According to the Federal Highway Administration, wet pavements and rain results in most of the weather-related automobile accidents. The impairment of distance visibility, reduced pavement friction, and lane obstructions cause 73 percent of all weather-related crashes, 80 percent of all weather-related injuries, and 77 percent of all weather-related death. Therefore, auto accidents in the rainy season are some of the most dangerous.
Unfortunately, many people just don’t know how to drive in the rain. Moreover, there are really two types of drivers that cause all the problems, those who drive too timid and those who drive too aggressively. Timid and nervous drivers often perceive weather conditions more dangerous than they are and will drive at unreasonably and foolishly slow speeds. However, the wild and reckless driver will often disregard and neglect the consequences of rainy weather, and drive faster than conditions allow.
How to Avoid Auto Accidents in Rainy Season
- Guarantee your car is ready to drive in the rain. – Ensure your automobile’s tires have the proper tread and pressure. Check your windshield wipers and replace if needed. Also, make sure all lights are working properly.
- Ensure you drive at a good speed. – The big danger is rain is losing traction with the road. While slowing down improves driving, going too slow can cause an accident for those who not prepared for your speed. Reduce your speed by a third. For example, if the posted speed is 55, target a speed of 40
miles per hour.
- Keep your distance from other cars on the road. – This may not always be possible if there is heavy traffic. However, during wet conditions, try to keep your car 5 seconds behind the vehicle in front of you. The added space gives you more time to react if there is a sudden stop.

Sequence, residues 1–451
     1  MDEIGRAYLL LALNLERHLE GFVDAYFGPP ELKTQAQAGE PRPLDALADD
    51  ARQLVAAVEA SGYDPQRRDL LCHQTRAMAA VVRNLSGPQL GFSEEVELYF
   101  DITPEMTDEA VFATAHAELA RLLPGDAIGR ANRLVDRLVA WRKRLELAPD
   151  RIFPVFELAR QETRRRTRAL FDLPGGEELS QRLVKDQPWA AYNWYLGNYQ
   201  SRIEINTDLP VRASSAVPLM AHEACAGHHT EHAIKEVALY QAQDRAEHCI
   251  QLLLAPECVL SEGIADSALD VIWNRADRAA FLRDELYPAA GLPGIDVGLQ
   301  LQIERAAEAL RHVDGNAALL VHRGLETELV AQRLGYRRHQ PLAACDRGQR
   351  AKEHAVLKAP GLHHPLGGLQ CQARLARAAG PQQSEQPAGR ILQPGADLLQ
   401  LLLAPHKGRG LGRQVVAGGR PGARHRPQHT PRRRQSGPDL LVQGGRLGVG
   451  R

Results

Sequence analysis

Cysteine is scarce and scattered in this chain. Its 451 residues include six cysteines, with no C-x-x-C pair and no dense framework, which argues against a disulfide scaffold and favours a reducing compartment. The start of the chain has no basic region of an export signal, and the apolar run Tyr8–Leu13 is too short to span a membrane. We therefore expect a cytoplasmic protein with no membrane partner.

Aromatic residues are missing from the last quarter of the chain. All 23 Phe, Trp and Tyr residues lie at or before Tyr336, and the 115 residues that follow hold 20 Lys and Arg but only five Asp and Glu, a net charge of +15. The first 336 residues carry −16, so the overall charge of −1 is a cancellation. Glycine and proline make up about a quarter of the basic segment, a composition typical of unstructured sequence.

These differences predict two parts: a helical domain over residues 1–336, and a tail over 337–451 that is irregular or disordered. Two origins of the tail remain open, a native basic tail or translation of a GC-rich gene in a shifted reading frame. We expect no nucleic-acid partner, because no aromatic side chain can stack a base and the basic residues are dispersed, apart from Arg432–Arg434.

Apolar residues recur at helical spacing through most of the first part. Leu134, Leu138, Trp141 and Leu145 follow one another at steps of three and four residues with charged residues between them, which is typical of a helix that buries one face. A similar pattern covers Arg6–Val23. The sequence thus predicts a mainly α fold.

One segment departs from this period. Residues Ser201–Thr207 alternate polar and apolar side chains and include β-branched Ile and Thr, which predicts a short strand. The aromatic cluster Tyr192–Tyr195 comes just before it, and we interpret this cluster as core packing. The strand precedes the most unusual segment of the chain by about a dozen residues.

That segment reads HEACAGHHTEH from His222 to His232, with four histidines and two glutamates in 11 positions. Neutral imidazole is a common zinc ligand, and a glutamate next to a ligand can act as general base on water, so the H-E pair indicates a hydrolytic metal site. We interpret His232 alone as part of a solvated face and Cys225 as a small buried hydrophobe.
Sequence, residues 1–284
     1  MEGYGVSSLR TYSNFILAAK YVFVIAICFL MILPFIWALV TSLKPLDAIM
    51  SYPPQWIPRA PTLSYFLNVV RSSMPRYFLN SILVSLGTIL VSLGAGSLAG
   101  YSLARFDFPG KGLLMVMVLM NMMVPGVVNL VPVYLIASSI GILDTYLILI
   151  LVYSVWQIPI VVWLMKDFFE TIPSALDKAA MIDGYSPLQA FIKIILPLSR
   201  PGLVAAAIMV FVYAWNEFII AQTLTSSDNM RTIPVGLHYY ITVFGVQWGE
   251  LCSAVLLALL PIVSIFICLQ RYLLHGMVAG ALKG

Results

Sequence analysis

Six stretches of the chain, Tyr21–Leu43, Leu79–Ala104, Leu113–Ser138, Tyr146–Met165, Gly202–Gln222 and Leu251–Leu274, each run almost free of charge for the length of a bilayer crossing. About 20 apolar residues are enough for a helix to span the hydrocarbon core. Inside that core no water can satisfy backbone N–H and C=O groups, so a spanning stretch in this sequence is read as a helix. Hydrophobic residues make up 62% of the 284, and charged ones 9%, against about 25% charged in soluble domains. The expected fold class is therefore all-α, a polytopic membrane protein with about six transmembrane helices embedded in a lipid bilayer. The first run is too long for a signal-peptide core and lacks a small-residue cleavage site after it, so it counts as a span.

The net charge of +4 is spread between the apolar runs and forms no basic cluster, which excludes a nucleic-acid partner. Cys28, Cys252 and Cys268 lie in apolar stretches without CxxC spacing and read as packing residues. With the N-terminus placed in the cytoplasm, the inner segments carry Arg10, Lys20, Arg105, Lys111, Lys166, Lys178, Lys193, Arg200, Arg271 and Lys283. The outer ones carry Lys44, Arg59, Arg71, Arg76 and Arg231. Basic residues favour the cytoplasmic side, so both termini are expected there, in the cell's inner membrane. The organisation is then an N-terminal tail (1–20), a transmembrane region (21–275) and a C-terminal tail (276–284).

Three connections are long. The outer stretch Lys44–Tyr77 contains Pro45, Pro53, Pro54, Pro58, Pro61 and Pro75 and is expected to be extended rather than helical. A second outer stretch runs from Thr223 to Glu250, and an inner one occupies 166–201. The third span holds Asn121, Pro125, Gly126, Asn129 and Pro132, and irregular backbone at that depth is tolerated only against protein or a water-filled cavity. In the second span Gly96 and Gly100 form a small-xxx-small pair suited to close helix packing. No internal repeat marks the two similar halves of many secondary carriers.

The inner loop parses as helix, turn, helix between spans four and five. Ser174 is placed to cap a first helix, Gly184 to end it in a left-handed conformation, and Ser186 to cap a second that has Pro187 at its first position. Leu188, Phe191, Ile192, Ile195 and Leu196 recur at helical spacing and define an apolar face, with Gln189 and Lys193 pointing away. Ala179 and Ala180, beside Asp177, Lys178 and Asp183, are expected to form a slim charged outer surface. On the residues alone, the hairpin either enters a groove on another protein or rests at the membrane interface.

- Do not rely on some forms of technology. – Cruise control and forward collision warning systems are often unreliable during the rain. On the other hand, traction control and anti-lock braking systems are specifically made for wet and rainy conditions.
- Slow down if you start to hydroplane. – When your car hydroplanes, it is essentially riding on top of the water and steering becomes lighter. This can happen with speeds over 35 miles per hour. Slow down if you start hydroplaning but don’t slam on your brakes. Simply ease your foot off the gas. If that
doesn’t work, gently pump the brakes to slow down.
What haven’t we covered yet that is important to you? If you would like to talk about the dangers of auto accidents in rainy season, or need more information, please contact us.